I'd appreciate if you could please answer my question regarding fat and carbohydrate intakes in human body:

Let's say I take 100 grams of chocolate in one single day, and then don't take chocolate at all for the next 6 days. On the other hand, let me spread the 100 grams of chocolate over a week, so let me take 100/7 grams of chocolate each day.

Now considering the effect of fat, carbohydrate and sugar that's consumed, which one is going to affect me (increase my weight, body fat percentage) worse? Or is the effect equal? Assume that all the other factors remain equal, including food intake, exercise etc. Please justify your answer!

  • Care to add the nutrition facts of this chocolate?
    – MDMoore313
    Mar 22 '15 at 21:28
  • @BigHomie - It doesn't matter the nutrition of the chocolate, the question is off topic.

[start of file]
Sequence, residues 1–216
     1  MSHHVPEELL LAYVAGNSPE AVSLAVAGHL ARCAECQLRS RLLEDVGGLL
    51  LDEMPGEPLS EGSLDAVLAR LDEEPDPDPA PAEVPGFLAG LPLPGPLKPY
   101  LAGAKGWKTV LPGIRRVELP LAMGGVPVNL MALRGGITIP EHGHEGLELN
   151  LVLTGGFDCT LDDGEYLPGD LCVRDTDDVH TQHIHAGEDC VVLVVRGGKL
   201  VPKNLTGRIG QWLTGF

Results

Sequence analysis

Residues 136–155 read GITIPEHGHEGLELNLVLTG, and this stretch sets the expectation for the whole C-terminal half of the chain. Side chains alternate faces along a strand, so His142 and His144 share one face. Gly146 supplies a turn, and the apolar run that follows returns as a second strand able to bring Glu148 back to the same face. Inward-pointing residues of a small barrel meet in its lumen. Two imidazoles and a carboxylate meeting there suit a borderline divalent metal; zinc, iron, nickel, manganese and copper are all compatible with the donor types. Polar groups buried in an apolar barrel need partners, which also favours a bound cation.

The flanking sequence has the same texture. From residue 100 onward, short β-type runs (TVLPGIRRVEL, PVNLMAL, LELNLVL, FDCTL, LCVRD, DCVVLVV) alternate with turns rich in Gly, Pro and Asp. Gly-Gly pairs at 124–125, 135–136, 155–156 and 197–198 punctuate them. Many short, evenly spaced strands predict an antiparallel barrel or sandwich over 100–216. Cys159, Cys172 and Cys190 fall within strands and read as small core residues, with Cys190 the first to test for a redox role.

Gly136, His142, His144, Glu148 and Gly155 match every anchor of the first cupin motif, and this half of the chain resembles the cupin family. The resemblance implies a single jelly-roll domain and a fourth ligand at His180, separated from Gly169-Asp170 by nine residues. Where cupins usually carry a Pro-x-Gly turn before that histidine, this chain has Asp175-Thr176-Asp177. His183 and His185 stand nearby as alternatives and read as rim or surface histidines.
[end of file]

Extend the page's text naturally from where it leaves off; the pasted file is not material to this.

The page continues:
– JohnP
    Mar 23 '15 at 4:23

Practically speaking there won't be a difference for such a low amount as 100 grams, but if it's 1000 grams instead, I think it will be better to consume it over a week. 100 grams of chocolate will give some satiety and thus decrease your calory intake more in total than having 1000 grams in one sitting.

If you assume your calorie intake is fixed and isn't affected like this though, eating 1000 grams in one sitting is still worse. The liver tends to store more visceral fat when overloaded, i.e. there is a threshold. Basically, if the liver is capable of taking 30 grams and using it for muscle glycogen and other things, that would mean that 1000-30 = 970 grams will hit your liver in one case, and 6*(1000/6 - 30) = 820 grams in the other case. That's pretty speculative though.

I would also like to add that you can't really say that "all other factors remain equal", since your dietary intake affects many of the other factors, like energy usage.

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